He acquired his first newspapers when he was not yet 30 years old and did so in 1978, when the Constitution was approved. Coincidence or not, Javier Moll has built one of the most important communication groups in Spain on the basis of constitutional values such as tolerance, pluralism and freedom. Today it faces the challenge of digitization with the same principles.
INFORMATION is 75 years old, almost half of them under the management of Prensa Ibérica, the group that you chair. INFORMATION, La Nueva España and Levante, three of the most important headlines of the then chain of State Social Media, were acquired by you at public auction in 1984, but six years earlier you had already taken control of the Canary Islands newspapers La Province and Diario de las Palmas. He was just over 28 years old. What drives someone so young to become an editor?
The passion that I felt from the first moment for this profession that, together with the help and support of my family and partners, helped me launch myself into such a challenge. I can say with satisfaction that 38 years later I still feel the same renewed illusion from knowledge and experience.
And the profound transformations that the world of communication has undergone since then, how have they affected the role of publishers? Has much changed or does the essence remain the same?
It has not stopped evolving since then but the essence remains the same. We have to understand that the editor is the one who facilitates the administration to make the media possible, agreeing the editorial line with the journalistic management team. Let’s not forget that the real architects of the daily life of the media are journalists.
With fifteen headlines, Prensa Ibérica is today one of the most important journalistic groups in Spain. What are the characteristics that define the Iberian Press media? Despite its diversity, with printed and digital editions in different communities, in addition to television channels and radio stations, can it be said that there is a style of journalism typical of the Iberian Press?
Yes, definitely the Iberian Press style could be summed up in putting the readers and their interests above any other consideration. This, although it sounds easy, is complex to carry out.
Iberian Press is a regional press group. Does local journalism make sense in the era of globalization?
I would say more than ever. Such is the cataract of information that reaches the citizen daily, that an independent, serious and orderly information on the information topic closest to the reader’s life and immediate interests, are of paramount importance.
The press has been one of the sectors hardest hit by the crisis. What situation is the sector in right now?
Since 2008 we have been experiencing an unprecedented crisis. The transition to digital is irreversible, although paper is still very important, it has a declining trend, while digital grows steadily. We still need to monetize the recognition that readers already give to our digital portals. It is curious to see that in England the most visited websites for immediate information are those of televisions, while in Spain they are those of newspapers.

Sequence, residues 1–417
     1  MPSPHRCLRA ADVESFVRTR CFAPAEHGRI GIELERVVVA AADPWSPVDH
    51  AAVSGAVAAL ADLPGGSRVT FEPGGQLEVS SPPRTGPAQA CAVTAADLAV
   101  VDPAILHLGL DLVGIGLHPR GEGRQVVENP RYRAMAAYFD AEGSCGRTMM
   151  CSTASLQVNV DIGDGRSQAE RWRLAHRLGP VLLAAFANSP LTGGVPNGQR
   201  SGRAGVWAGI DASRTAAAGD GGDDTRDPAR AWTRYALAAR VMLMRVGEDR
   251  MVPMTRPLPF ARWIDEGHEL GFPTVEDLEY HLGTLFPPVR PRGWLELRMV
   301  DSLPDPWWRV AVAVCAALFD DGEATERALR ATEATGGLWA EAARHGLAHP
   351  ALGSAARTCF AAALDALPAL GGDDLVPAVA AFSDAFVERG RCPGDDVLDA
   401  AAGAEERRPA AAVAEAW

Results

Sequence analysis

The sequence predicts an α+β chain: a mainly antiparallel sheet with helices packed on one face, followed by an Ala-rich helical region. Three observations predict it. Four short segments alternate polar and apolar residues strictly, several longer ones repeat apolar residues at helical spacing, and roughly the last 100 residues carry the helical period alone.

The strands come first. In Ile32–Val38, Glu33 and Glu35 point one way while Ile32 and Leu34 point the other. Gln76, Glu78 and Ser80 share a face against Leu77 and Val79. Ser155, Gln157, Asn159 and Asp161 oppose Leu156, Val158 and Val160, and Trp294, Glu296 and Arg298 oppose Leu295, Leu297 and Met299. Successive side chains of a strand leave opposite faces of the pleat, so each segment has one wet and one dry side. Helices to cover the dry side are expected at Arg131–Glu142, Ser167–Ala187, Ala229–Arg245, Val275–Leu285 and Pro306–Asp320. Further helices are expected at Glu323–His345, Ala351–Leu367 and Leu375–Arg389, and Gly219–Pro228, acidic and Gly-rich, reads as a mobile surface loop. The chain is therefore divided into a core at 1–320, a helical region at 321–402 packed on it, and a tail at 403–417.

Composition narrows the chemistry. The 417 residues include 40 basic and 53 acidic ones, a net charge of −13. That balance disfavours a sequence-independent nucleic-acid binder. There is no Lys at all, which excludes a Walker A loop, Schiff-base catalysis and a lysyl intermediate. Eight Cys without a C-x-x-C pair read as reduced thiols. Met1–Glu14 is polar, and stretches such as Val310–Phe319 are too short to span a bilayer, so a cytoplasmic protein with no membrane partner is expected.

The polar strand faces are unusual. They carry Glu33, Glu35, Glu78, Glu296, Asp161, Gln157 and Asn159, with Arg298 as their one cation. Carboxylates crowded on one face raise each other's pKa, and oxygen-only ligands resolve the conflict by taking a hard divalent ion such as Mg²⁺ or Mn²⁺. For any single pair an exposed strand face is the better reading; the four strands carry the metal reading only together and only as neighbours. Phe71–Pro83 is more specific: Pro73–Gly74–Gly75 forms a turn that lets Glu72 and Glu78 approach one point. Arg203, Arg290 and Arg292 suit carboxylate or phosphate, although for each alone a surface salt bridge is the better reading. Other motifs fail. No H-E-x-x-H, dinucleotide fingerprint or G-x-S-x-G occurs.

Not only the economic crisis has hit the press. It has also been shaken by social and customs changes that have led many citizens to consider that quite a few things, including information, can be obtained for free. How can this phenomenon be combated? Can there be quality information without journalistic companies that obtain sufficient resources to maintain professional templates and provide them with the means to carry out their work?
No, I do not think it is possible to make good information at no cost. The “free everything” phenomenon forces us to create new income channels that replace the traditional ones.
In this context, in which the necessary reconversion of the media joins the general economic crisis, should the Administration design a policy of support for the Press as has been done in the case of other sectors?
I have never liked aids to the Press as a concept. I am more in favor of a regulatory framework that makes it easier for the traditional paper press to move towards digitization. For example, it does not make sense that printed newspapers bear 4% VAT while digital newspapers have 21%.
On occasions it has been able to give the impression that, unlike other business entities, in the case of the Association of Editors (AEDE) the interests of each group have weighed more than those of the industry as a whole. Has it really been like this? In any case, do you think that the Editors Association should play a more active role in defending the sector and in supporting its modernization?
Absolutely yes. Rivalry and competition between the media, which is itself healthy and positive, has sometimes hampered the solution of common problems that could be much better solved without the need to undermine free competition. That unity would give the sector greater efficiency.
What are the most important challenges that the Press faces in Spain in your opinion?
The stabilization of a business model in this digital transit in which we live, which allows us to sufficiently capitalize on new services and products.
All the headlines of Prensa Ibérica have had digital editions for years and the group pioneered the establishment of payment models for information on the internet. Do you think that printed and digital editions will live together for a long time? How do you foresee the future?
I believe paper will continue to be our main source of income for a few years. It is impossible to specify its number, but its evolution will be decreasing, unlike the digital one that is expected to evolve upward.